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Aim: To investigate and clarify the surge capacity of staff/equipment/space, and patient outcome in the first wave of COVID-19 in Japan. Methods: We analyzed questionnaire data from the end of May 2020 from 180 hospitals (total of 102,578 beds) with acute medical centers. Results: A total of 4,938 hospitalized patients with COVID-19 were confirmed. Of 1,100 severe COVID-19 inpatients, 112 remained hospitalized and 138 died. There were 4,852 patients presumed to be severe COVID-19 patients who we...
#1Takeshi Unoki (Sapporo City University)H-Index: 6
#2Mitsuhiro Tamoto (Kyoto University)H-Index: 1
Last. Alexis Tabah (UQ: University of Queensland)H-Index: 26
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Aim We investigated personal protective equipment (PPE) use and its shortage, training, and adverse events among healthcare workers (HCWs) in the intensive care unit (ICU) during the coronavirus disease (COVID-19) pandemic in Japan and compared the results with an international survey that used the same methodology. Methods This web-based survey was conducted from April 14 to May 6, 2020, in Japan and included HCWs directly involved in ICU management of COVID-19 patients. A survey invitation was...
#1Kan KikuchiH-Index: 11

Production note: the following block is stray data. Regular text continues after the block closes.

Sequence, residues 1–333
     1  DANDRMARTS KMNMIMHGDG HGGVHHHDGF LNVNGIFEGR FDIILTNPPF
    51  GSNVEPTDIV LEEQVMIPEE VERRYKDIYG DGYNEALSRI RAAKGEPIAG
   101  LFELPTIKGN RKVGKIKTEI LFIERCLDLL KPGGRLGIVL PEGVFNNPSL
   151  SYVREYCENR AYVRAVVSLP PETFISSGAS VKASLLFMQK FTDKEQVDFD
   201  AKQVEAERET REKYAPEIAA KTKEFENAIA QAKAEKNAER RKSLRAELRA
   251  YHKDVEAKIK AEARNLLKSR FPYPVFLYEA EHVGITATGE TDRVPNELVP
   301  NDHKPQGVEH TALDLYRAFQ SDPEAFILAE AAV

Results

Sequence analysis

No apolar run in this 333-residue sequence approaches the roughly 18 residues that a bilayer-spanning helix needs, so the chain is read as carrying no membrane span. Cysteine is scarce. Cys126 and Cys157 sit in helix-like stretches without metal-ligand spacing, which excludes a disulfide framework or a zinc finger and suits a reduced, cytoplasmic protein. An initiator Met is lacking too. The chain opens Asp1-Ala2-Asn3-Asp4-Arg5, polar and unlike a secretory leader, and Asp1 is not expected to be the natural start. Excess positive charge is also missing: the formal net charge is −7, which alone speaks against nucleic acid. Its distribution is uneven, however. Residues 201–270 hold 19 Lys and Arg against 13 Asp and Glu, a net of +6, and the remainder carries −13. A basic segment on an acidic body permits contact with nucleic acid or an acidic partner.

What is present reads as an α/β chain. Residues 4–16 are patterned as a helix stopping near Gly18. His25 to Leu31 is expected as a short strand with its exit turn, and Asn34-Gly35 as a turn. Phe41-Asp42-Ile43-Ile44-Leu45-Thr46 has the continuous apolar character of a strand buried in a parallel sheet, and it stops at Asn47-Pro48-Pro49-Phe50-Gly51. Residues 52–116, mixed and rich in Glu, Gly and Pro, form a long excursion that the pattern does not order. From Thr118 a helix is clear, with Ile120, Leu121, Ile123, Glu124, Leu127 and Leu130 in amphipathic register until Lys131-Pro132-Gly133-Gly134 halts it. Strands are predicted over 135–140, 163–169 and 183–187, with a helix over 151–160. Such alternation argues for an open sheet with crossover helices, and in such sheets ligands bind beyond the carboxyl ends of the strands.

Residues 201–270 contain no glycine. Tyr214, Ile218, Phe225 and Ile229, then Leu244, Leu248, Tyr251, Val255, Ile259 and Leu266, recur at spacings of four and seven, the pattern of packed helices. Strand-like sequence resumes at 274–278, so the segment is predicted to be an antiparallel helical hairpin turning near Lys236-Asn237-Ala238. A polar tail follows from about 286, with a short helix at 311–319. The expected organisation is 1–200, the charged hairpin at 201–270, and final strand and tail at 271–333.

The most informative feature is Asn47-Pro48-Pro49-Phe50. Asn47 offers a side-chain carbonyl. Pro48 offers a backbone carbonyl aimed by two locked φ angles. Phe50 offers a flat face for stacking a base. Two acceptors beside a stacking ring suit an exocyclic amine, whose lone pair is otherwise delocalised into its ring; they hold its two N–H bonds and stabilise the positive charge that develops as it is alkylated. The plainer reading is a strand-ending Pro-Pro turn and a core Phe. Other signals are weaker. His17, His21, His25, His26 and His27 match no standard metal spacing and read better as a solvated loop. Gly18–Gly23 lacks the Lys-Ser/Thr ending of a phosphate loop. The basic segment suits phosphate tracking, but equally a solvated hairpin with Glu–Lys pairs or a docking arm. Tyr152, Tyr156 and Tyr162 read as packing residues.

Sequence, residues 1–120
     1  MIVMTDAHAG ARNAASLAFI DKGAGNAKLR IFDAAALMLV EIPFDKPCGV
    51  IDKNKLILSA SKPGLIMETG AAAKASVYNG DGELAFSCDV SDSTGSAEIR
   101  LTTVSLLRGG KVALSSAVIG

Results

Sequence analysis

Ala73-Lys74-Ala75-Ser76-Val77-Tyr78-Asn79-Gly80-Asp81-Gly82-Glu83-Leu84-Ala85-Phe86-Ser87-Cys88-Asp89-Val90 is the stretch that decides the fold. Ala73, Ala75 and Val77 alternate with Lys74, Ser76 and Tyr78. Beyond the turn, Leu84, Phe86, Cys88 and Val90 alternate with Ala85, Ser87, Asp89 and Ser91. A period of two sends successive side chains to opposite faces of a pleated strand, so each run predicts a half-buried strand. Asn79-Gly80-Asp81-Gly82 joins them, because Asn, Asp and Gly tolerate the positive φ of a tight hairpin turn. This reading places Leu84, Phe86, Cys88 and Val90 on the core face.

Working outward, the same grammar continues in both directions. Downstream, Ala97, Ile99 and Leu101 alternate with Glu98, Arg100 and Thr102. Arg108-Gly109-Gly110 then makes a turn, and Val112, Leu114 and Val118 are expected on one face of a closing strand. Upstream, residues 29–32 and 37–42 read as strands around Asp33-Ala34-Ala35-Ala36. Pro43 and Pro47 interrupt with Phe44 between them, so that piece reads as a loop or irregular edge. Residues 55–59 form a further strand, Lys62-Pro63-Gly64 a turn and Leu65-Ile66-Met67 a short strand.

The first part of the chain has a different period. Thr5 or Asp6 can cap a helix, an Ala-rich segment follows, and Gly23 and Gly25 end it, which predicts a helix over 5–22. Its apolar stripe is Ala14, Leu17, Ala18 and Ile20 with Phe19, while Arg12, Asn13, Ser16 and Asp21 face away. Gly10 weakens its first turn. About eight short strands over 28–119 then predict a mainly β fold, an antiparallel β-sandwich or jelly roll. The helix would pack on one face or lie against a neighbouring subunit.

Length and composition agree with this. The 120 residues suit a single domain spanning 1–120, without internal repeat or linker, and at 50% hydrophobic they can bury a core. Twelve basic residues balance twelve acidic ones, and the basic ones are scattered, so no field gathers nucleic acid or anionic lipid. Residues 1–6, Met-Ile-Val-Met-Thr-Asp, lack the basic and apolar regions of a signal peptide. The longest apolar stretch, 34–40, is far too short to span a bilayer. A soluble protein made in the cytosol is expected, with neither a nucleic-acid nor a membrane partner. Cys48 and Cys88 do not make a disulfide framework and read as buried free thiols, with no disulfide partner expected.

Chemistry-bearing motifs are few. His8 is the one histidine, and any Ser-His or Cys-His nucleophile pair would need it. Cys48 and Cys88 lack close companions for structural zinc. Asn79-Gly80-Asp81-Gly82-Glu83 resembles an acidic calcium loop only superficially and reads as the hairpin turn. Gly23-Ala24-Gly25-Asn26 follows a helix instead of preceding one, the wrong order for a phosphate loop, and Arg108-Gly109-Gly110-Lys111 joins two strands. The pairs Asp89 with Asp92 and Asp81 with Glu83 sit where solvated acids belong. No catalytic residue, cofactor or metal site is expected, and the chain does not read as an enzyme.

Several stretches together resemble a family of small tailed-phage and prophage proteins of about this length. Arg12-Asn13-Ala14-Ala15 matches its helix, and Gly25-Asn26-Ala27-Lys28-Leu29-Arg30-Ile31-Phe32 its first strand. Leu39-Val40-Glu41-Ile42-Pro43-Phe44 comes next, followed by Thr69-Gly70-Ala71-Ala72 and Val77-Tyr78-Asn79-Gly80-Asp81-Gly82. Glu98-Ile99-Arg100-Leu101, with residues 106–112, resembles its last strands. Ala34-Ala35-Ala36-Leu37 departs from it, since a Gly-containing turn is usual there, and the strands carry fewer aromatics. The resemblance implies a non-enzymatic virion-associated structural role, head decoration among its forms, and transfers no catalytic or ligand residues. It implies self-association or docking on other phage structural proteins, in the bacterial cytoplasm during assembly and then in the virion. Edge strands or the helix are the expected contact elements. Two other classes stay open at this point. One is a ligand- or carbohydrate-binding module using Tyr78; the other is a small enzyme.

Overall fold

#2Masaomi Nangaku (UTokyo: University of Tokyo)H-Index: 84
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In Japan, the first case of COVID-19 in dialysis patients was reported on March 1, 2020. A total of 31 cases were reported by April 10, and it increased to 95 by May 15. Thereafter, with the rapid increase in the number of COVID-19 cases in the general population since late March, there was a not surprising increase in the number of COVID-19 cases in dialysis patients. The mortality rate is 16.2% (16/99 cases) in dialysis patients, which is higher than 5.3% (874/16532 cases) in the general popul...
#1Elizabeth A. Williamson (Lond: University of London)H-Index: 72
#2Alex J Walker (University of Oxford)H-Index: 23
Last. Ben Goldacre (University of Oxford)H-Index: 39
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Coronavirus disease 2019 (COVID-19) has rapidly affected mortality worldwide1. There is unprecedented urgency to understand who is most at risk of severe outcomes, and this requires new approaches for the timely analysis of large datasets. Working on behalf of NHS England, we created OpenSAFELY—a secure health analytics platform that covers 40% of all patients in England and holds patient data within the existing data centre of a major vendor of primary care electronic health records. Here we us...
#1Richard Corbett (Imperial College Healthcare)H-Index: 10
#2Sarah Blakey (Imperial College Healthcare)H-Index: 3
Last. West London RenalH-Index: 1
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#1Michiel G. H. Betjes (EUR: Erasmus University Rotterdam)H-Index: 62
Uraemia causes inflammation and reduces immune system function as evidenced by an increased risk of viral-associated cancers, increased susceptibility to infections and decreased vaccination responses in patients with end-stage renal disease (ESRD). The substantially increased risk of atherosclerosis in these patients is also probably related to uraemia-associated inflammation. Uraemia is associated with a reduction in the number and function of lymphoid cells, whereas numbers of myeloid cells i...